“where am i going to play? i dont have any place to practice? What am i going to play in a basement or whatever?” but she said “No! I have this friend shes in this bad ass band, you should check it out!”. So, sure enough, I went over to Williamsburg to the old studio/garage and sat in and played a little bit and it was fucking awesome so I stuck around.

When I was a kid I got a tiny soprano sax thats actually a curved Soprano, an old Buescher. My Grandfather had given it to me. I had originally wanted to be a trumpet player and I went into 3rd grade, tried to make the sound, and it just sucked. I could not make a sound to save my life so they were like “Ok, you need a different instrument” . So I pulled out the crusty dusty Soprano and started honking away so they “Ok, play that” . So I ended up a sax player. That was the beginning.

All throughout high school & college I was in bands, everything from ska to blues to whatever. All kinds of music. It wasn’t until the Inferno that I got to play in a fun rarity. Steve was already there kicking ass on the Tenor so I went over to Manny’s and bought this ancient monster-Bari. I don’t know if there’s a bass now, there was no bass then, so essentially I was the bass. Xtal had just left, who had been playing tuba. So I kind of became the new “tuba” slash baritone saxophone player.”


CHAD MO: ” I’m Chad Mo. Lately, I’ve just been into playing play trad jazz music, yknow, NOLA style. I recently just got into’ the directory’ in New Orleans. So if someone needs a musician, I get a call as a hired musician. This is a city people come to that need horn & violin & etc. So the workforce, if youre good – youre going to get those calls.”





Ok, so a brief potted history. I was really into classical music and I went to a music conservatory as a clarinet player. But I always wanted to be a sax player doing this kind of stuff. I got into the Dexy’s because there was an advert in the local paper which said that they wanted to form a soul band. One of the main influences listed being Geno Washington. Well funnily enough , I had just gotten off the road with Geno . (


Like the early dexy’s single?)

Yeah, thats right. Thats where it came from. Geno Washington. It was the first professional thing that I had ever done, like in my young day. The first on-the-road gig where somebody actually payed me for anything I’d done in my life was playing with Geno Washington for about 6 months. Then he moved back to LA & then soon after I saw this ad in the paper and thought : “well i gotta go for that well dont i?” .

The Dexy’s came out sort of on the tail end of the whole [two tone] thing. The two tone scene was big before the Dexys came out really. We later toured with and became friends with the Specials as an opening band. Dexys were based out of Birmingham and the Specials were based out of Coventry, which is only really just down the road. Thats [Coventry] where I went to music school so thats how I got to know those guys. It wasn’t really the same scene but it was closely allied. It was a really interesting time.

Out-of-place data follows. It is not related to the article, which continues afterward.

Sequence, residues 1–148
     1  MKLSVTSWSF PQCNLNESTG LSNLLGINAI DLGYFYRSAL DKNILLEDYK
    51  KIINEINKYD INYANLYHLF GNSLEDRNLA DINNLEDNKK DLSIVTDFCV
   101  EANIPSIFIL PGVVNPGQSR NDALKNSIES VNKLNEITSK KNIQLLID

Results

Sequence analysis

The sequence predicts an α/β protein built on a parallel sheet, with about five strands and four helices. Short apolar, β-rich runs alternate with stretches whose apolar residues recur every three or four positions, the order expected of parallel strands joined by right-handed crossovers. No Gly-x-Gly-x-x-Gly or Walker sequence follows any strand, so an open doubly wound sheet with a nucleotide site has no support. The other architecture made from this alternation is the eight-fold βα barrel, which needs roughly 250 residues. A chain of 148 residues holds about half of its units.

Musically, if you looking at pop music at the time in England it was coming out of a really, really bland guitar hero intake. “Punk” had already come & gone by then, pretty much. Then you had all this synthesizer light romanticy kinda stuff (here, Jeff stops to briefly do his best impersonation of the average synth tune of the time. “Beep Boop Beep Doo-Doo Dah” I can’t do it proper justice). Yeah, like Joy Division, who we also played one gig with. We also knew those guys out of Manchester. So when we came out to be using the horns as the lead it was totally unheard of. Dexy’s definitely changed the face of pop music of England. No doubt about it. Then alot of other bands that came out that used horns were like the ska thing or the soul thing. The ska thing was one thing, but the soul people were like more sort of doing covers and more obvious copies than rather using it as the basis for like how Original Dexys sounded. But it did create a whole different scene. So I guess between us , the soul thing, and the whole two tone thing it was a real interesting time to be around. Yeah, it was really good time to be around.


MIKE WAGNER: “My name is Mike Wagner.  I am also known as Don Bonus.  I was the Grinch of Halloween this year.  My
doorbell is busted so I didn’t hear any trick or treaters come to the door.  Which worked out well, because I had forgotten to buy candy.  I briefly saw some kids on the my way out of the house, but I ran past them, mumbling, “I don’t live here.”  Bah humbug.  But this was all in character (as the Grinch), you see.”